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Move over crazy cat lady, now we have crazy rat people

Pet rats could exponentially multiply and cause problems
Pet rats could exponentially multiply and cause problems
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We’ve all heard of the crazy cat lady archetype. She lives alone and dotes solely on her many cats, often hoarding them and holing herself away. But, who has ever heard of a crazy rat lady (ehem, or man)? Reuters reported on Friday, August 1, that hundreds of pet rats were removed from a small Ohio apartment after the rats’ owner had been evicted.

The owner had called the local Humane Society for the many rats to be removed. There were three hundred of them in all. Because of the eviction, the owner was not able to take care of the rats anymore. He needed help.

Animal control officers had to really work hard to remove the rats. While some of them were in cages, many others were allowed to roam free which meant that they found all kinds of cozy places in which to burrow. Rats were found by rescuers in holes in the walls as well as in the cushioning of the furniture. The rescue operation spanned over a series of days.

Reuters reported that the rats could breed very quickly, often beginning at about three months old. Litters could exceed 13 little ones at a time and mothers could spawn a new batch a few times per year. Because of this, pet rat populations could quickly get out of control.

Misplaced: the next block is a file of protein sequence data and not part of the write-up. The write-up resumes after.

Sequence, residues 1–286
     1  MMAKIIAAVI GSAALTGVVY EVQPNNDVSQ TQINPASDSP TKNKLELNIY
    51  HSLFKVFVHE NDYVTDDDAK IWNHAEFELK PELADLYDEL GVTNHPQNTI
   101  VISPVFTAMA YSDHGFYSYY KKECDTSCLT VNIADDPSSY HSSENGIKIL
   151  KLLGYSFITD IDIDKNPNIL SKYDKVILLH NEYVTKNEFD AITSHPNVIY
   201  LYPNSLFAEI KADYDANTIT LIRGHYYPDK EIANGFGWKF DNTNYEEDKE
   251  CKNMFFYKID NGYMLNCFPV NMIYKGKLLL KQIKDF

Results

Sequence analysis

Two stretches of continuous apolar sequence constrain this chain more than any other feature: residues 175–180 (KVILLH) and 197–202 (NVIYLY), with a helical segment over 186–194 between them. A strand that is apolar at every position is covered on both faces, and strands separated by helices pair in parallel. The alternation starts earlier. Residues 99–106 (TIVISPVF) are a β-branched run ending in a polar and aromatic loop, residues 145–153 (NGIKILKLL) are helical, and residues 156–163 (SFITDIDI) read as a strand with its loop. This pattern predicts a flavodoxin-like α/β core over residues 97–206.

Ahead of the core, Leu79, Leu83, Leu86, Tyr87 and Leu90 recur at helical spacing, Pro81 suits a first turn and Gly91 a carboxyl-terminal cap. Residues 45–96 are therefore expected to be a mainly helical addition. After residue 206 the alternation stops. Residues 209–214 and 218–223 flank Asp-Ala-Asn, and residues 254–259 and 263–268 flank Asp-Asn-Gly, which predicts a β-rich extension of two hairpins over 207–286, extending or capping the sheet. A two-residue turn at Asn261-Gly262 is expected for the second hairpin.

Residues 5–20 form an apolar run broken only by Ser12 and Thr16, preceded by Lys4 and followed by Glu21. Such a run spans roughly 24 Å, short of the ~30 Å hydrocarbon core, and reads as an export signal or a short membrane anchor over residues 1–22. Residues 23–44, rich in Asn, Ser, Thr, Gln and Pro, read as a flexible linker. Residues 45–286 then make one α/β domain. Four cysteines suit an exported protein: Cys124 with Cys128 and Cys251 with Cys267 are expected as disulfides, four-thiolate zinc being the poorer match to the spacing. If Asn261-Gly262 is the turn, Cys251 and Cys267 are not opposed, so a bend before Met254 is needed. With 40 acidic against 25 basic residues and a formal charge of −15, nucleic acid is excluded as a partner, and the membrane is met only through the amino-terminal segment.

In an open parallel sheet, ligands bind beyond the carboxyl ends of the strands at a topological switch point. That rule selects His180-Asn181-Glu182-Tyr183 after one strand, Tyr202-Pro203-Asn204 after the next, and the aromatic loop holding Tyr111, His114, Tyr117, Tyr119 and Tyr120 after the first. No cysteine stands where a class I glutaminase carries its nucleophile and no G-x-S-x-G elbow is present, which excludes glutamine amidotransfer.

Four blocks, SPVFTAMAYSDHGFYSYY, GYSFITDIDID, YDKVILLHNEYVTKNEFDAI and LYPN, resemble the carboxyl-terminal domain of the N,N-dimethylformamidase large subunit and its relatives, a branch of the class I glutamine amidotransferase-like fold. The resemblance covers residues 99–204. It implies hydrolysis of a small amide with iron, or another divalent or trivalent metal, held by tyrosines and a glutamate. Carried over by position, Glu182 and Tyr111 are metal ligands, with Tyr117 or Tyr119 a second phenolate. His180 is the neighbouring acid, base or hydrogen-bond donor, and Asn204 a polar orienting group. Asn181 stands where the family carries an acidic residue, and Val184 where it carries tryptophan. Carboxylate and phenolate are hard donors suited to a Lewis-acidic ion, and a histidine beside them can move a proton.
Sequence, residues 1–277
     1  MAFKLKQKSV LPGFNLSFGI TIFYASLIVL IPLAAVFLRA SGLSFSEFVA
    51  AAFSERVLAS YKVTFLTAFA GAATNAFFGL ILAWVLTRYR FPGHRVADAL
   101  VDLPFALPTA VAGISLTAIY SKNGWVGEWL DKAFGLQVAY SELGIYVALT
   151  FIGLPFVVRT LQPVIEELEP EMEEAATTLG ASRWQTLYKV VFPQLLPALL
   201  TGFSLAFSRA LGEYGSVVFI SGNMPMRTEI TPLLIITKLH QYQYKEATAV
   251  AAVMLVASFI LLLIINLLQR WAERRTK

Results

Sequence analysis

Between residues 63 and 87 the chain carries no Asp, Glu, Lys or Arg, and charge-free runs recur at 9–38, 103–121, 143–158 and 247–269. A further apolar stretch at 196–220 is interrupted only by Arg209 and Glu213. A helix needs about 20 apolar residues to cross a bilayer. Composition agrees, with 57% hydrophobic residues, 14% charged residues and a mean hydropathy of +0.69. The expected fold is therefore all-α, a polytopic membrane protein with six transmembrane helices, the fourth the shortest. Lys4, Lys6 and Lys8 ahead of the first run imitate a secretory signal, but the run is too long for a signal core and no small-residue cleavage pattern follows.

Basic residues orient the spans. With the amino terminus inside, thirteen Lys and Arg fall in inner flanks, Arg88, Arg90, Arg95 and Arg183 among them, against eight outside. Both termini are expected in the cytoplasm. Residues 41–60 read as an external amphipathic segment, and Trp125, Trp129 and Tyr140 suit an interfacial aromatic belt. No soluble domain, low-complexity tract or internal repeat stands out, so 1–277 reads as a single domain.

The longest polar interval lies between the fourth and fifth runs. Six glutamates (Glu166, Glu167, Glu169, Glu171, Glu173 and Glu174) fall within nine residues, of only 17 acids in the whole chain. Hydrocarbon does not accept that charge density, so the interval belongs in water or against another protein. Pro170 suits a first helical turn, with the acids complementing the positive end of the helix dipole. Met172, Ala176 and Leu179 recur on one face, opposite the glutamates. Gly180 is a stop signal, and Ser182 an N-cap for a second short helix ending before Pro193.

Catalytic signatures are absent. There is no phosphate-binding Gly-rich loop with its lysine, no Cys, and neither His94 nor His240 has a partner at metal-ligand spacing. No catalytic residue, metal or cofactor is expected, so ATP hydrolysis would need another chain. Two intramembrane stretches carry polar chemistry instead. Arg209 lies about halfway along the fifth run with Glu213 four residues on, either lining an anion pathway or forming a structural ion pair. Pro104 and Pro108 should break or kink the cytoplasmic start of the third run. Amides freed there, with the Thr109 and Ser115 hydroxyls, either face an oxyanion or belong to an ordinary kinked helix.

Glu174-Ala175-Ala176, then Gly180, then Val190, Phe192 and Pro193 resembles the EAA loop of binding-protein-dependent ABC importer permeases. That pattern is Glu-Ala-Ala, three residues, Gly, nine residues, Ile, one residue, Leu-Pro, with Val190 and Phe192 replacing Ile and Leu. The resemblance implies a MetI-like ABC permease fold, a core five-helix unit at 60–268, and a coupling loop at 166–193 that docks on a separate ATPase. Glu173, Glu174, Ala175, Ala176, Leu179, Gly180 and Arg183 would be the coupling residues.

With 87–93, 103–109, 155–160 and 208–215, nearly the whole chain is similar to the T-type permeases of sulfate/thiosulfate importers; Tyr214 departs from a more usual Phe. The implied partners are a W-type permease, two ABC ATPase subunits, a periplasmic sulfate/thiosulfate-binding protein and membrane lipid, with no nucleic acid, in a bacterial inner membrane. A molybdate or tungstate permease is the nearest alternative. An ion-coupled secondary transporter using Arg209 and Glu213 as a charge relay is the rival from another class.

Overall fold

The rats are considered rescued and are now available for adoption. The owner took very good care of his rats and reportedly loved them. Because of his care and love and because he reached out for help, he will face no charges for animal cruelty.

This rat owner has done much better than some. Last May, news was reported that a woman who lived in a hotel room had bred rats and released them into the park on purpose. The woman had bred the rats over a series of years and she seemed to breed them wherever she happened to live. In her case, 1,000 rats were found at the hotel room and were killed by exterminators as the rats had begun burrowing through the walls and into other occupants’ rooms.

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